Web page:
Author: Rostyslav I. Shiller*
Published: July 2007
Enforceability of Arbitration Agreements
New York Convention
Today the globalization of world economies has caused the expansion of litigation involving foreign governments and their instrumentalities on American soil.1 In the international community, foreign states and their instrumentalities are increasingly involved in international commercial arbitration and the resulting enforcement of foreign awards in the U.S. arising from myriad commercial transactions, including those related to privatization and investments in emerging markets. Foreign sovereigns and their instrumentalities are especially active in the sphere of global money markets, and thus try to attract foreign capital to their national economies.
This paper highlights significant recent appellate decisions addressing international commercial arbitration in the context of the enforcement of arbitral awards against an agency or instrumentality of a foreign state. These decisions will be of interest to those practitioners representing foreign states and to those representing parties with adverse interest whose position in arbitration and subsequent enforcement litigation in the Unites States will be affected by recent precedents.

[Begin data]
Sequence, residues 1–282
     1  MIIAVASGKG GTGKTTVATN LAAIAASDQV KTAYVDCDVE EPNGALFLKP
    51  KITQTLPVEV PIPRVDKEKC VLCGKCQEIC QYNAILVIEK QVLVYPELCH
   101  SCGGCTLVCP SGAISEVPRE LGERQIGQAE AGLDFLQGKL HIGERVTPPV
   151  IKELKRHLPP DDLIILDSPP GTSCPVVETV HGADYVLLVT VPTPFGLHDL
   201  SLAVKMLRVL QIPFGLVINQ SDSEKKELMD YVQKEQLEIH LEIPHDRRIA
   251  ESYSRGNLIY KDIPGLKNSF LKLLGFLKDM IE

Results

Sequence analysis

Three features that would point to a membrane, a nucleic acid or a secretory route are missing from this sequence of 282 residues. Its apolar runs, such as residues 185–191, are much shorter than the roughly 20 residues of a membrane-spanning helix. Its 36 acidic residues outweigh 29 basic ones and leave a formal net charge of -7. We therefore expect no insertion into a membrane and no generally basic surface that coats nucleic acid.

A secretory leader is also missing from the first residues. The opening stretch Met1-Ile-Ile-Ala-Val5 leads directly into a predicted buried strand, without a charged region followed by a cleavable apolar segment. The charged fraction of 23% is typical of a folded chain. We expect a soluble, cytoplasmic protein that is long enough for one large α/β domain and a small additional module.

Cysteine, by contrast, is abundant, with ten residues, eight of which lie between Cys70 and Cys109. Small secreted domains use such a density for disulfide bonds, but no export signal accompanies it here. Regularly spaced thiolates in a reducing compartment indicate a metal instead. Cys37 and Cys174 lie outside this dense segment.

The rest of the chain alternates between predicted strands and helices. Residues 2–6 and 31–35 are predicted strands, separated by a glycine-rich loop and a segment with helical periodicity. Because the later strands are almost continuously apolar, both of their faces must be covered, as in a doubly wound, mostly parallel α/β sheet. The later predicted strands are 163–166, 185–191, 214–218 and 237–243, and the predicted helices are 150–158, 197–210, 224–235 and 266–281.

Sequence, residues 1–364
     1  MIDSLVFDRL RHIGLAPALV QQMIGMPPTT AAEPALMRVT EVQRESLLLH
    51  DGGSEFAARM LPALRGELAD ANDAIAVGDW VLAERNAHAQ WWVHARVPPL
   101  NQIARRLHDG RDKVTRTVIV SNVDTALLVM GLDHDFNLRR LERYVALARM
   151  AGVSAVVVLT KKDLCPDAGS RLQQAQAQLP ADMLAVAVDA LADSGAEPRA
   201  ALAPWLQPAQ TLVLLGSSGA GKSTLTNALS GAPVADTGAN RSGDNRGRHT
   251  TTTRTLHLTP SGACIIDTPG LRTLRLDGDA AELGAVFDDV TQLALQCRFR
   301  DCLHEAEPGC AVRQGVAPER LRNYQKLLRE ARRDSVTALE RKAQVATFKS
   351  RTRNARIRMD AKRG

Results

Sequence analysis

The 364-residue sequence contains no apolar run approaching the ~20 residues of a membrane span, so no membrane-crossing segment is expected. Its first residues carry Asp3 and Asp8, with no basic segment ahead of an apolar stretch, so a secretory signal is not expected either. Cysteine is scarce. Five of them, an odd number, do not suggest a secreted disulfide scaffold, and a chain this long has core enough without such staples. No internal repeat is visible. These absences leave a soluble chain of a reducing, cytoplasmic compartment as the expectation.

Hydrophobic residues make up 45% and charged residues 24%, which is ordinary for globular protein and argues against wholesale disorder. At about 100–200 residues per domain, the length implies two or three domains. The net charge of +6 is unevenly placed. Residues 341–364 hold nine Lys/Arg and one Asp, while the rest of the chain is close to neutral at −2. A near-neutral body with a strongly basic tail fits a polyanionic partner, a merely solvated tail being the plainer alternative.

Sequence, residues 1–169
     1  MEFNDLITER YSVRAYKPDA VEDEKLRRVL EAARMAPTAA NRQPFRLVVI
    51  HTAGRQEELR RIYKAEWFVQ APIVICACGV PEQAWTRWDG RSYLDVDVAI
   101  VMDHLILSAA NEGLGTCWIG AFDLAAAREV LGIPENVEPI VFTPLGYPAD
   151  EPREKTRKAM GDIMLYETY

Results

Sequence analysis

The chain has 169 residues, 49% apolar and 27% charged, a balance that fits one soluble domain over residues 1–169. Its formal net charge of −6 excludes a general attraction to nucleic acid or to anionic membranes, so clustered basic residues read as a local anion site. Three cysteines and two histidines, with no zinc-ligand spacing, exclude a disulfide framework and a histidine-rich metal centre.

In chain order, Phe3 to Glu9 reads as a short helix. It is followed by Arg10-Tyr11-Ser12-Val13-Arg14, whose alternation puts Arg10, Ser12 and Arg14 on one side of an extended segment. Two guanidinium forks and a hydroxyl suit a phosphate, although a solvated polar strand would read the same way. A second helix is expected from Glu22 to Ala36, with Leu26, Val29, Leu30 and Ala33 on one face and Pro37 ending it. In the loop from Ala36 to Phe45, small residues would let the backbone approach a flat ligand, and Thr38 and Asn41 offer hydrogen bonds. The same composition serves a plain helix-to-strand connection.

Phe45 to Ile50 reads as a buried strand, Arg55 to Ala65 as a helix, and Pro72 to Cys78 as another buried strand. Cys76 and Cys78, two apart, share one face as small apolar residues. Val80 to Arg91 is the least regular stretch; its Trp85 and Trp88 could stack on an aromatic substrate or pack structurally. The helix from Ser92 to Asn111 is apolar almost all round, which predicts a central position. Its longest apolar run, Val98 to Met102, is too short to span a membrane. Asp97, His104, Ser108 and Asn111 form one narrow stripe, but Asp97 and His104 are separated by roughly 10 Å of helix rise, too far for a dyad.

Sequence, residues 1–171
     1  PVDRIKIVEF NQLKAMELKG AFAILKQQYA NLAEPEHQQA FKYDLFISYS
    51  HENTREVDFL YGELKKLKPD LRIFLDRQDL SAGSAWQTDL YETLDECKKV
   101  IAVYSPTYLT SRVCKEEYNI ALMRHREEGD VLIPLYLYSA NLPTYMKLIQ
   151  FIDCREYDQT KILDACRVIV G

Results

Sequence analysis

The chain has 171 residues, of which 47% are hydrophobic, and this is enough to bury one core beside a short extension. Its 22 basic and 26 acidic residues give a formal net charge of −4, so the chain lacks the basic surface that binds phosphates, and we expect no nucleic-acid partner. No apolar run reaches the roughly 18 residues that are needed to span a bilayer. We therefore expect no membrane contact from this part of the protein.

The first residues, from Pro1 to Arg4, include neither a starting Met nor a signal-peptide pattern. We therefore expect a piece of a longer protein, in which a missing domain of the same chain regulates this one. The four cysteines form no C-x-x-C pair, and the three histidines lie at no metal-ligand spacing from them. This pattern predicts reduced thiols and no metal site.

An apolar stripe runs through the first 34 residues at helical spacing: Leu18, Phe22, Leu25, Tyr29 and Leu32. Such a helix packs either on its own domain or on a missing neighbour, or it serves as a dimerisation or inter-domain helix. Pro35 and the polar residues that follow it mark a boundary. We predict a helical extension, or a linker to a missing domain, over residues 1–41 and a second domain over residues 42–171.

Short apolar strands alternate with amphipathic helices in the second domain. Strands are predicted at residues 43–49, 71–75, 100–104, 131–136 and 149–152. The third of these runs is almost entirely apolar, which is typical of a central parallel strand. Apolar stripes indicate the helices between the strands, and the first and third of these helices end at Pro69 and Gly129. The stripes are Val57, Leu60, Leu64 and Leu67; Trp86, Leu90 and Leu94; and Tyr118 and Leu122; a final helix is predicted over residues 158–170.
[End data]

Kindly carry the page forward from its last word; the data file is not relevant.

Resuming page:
Recent decisions rendered under the United Nations Convention on the Recognition and Enforcement of Foreign Arbitral Awards2 (“The New York Convention”) and the Foreign Sovereign Immunities Act3 (“FSIA”) have farranging consequences for government agencies and instrumentalities intended to be protected under the FSIA.
*Arbitral and Judicial Decisions
**J.D. 2006, LL.M. Candidate 2007, University of Miami School of Law. The author expresses his sincere appreciation and thanks to Mark Bravin, Esq., Thomas O’Brien, Esq. and Professor John Rooney.